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Legal implications of banning Chinese apps: Cyberspace no longer independent

July 20, 2020

The Ministry of Electronics and Information Technology [“MeitY”]under the current regime recently banned 59 Chinese apps.[1]While invoking it’s power under Section 69A of the Information Technology Act r/w Information Technology (Procedure and Safeguards for Blocking of Access of Information by Public) Rules 2009 [“Blocking Rules”], the government decided to block the apps due to concerns relating to data security and safeguarding the privacy of Indians. The press release further stated that the compilation of these data, its mining and profiling by elements hostile to national security and defence of India, which ultimately impinges upon the sovereignty and integrity of India, is a matter of very deep and immediate concern which requires emergency measures.

Therefore, it is pertinent to find out whether the order can be challenged in an Indian Court. Further, the author also tried to ascertain the balance between the right to freedom of speech under Article 19(1) and the right to privacy by the Indian Judiciary, relating to banning of apps.

As the population of internet expanded from a small group of academics to billions of people on their smartphones around the world, the imposition of regulations by the government was foreseeable. Unfortunately, 24 years on, Barlow’s utopian vision for the internet did not materialize. In its place we have widespread government surveillance,[2]concentration of power with Multi-National Corporations[3]and widespread online harassments.[4]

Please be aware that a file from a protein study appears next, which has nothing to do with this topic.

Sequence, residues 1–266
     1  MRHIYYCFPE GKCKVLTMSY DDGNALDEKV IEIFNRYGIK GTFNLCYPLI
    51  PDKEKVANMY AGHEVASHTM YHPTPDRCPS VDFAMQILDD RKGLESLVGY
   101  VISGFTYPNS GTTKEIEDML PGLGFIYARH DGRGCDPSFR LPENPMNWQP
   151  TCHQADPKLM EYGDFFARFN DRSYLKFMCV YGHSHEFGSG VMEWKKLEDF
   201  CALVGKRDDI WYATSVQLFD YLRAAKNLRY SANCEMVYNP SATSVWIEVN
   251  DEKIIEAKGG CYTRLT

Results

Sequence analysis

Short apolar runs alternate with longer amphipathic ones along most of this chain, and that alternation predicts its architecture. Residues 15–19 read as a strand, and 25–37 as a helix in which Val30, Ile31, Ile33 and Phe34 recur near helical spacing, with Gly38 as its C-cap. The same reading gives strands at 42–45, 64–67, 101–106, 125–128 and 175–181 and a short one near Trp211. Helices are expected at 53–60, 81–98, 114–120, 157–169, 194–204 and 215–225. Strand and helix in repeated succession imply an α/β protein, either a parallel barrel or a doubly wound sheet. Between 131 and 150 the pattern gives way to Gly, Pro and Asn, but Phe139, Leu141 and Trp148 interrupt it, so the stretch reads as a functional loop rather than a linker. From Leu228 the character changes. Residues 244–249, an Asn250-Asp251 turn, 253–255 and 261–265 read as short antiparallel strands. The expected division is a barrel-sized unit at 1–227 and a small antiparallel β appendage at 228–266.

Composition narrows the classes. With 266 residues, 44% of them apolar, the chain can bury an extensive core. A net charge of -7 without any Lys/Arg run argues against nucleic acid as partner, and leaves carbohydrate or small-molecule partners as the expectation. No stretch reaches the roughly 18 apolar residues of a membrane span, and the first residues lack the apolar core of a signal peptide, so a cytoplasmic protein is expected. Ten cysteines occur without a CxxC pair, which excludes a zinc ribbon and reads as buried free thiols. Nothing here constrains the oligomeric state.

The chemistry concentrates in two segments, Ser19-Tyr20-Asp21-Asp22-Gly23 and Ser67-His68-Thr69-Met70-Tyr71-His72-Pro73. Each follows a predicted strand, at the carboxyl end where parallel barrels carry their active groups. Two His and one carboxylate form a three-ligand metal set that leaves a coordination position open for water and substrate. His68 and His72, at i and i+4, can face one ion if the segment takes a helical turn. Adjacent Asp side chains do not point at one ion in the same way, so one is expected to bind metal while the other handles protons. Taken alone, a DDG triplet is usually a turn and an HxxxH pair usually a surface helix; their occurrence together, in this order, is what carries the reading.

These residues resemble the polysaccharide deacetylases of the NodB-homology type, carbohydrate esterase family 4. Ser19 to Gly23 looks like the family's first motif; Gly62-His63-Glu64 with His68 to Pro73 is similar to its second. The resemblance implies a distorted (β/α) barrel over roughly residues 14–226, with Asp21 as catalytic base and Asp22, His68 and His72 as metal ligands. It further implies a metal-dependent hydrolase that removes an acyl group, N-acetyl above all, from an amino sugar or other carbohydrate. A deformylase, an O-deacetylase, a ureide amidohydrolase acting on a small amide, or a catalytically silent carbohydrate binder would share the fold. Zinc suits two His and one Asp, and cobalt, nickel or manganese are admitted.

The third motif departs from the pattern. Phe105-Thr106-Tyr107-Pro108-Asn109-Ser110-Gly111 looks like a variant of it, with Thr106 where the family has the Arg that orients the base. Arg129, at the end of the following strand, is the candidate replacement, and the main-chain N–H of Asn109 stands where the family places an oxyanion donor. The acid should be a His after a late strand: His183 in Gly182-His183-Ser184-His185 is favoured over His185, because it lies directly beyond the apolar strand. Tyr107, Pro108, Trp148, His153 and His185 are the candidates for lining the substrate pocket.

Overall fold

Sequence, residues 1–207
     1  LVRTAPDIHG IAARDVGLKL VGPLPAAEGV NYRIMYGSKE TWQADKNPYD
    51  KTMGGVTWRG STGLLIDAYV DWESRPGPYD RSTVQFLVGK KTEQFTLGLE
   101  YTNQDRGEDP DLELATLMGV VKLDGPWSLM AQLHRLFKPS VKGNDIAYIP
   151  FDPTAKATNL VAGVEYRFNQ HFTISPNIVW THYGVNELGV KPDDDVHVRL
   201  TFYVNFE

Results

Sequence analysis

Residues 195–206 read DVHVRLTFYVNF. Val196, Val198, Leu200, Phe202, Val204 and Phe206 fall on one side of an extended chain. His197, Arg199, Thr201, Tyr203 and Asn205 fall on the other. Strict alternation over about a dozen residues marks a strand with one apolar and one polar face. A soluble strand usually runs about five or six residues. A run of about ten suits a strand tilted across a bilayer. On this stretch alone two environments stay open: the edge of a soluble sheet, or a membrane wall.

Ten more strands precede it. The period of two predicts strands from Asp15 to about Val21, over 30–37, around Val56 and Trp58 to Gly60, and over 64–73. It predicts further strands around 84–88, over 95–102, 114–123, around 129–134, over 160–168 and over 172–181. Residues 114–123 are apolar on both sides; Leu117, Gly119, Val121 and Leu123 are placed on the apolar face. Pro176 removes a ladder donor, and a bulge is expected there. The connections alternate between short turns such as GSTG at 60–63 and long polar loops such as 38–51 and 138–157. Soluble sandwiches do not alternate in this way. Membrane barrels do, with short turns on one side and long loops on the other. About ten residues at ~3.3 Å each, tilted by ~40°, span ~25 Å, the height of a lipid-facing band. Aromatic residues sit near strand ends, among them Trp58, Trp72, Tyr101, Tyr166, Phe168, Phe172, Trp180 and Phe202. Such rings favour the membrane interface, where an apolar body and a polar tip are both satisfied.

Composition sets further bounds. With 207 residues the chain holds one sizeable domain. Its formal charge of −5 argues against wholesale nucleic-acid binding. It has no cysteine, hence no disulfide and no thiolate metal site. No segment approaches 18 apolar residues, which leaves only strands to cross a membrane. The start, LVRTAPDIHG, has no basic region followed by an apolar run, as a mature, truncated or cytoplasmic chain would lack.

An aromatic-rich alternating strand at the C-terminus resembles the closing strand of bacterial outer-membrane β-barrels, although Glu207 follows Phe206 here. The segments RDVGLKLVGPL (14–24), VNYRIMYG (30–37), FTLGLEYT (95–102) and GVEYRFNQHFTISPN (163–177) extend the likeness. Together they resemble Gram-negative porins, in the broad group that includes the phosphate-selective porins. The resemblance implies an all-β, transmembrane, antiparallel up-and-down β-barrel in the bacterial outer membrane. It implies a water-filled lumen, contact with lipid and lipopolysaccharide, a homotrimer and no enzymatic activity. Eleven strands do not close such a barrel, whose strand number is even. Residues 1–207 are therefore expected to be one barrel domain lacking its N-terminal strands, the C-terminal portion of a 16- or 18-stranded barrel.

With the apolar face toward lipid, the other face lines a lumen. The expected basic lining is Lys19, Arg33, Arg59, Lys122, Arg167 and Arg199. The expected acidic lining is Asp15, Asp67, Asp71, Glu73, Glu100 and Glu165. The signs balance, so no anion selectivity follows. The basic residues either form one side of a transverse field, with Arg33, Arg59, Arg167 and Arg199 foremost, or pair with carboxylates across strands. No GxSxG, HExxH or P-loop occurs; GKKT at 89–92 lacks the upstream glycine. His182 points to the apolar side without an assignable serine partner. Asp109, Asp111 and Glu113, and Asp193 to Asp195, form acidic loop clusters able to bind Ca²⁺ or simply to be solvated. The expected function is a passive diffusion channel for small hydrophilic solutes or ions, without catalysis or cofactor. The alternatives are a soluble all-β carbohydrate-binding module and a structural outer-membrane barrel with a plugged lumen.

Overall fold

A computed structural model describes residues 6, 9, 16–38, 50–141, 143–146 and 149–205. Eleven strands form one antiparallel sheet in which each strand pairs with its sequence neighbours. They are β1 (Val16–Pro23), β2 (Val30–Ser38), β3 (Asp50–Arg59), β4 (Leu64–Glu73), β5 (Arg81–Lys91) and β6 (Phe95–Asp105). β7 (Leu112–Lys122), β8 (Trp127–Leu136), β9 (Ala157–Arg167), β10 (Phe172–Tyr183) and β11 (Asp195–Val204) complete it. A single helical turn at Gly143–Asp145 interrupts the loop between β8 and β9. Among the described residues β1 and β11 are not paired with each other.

India has had plenty legal precedents wherein the Courts aimed at striking a balance between the right to freedom of speech under Article 19(1) and the right to privacy. India introduced the regulatory structure for the cyber environment in the context of the E-Commerce Act, 1998. The basic legislation for cyberspace transactions in India has subsequently emerged in the form of the Information Technology Act, 2000 [“IT Act”],amended in 2008. Unlike other countries like EU, India still does not have a comprehensive and dedicated data protection legislation. However, certain provisions of the IT Act and the Information Technology (Reasonable Security Practices and Procedures and Sensitive Personal Data or Information) Rules, 2011 [“SPDI Rules”]deal with protection of personal information and sensitive personal data and information.[5]

The Central Government in exercise of the powers conferred by Section 87 (2) (ob) r/w Section 43A of the IT Act, 2000 set restrictions on international data transfer under Rule 7 of the SPDI Rules. Accordingly, sensitive personal data or information can be transferred by an entity to another entity in a different jurisdiction, provided that the transferee entity ensures the same level of data protection that is adhered in India, under the SPDI Rules.[6]

It is also worthwhile to note that transfer of personal data to other jurisdictions does not require any prior approval from the data protection authorities. There is not such provision prescribed under the IT Act or the SPDI Rules. However, under the proposed PDP Bill, sensitive personal data to be transferred, may require approval from Data Protection Authority of India or the Central Government.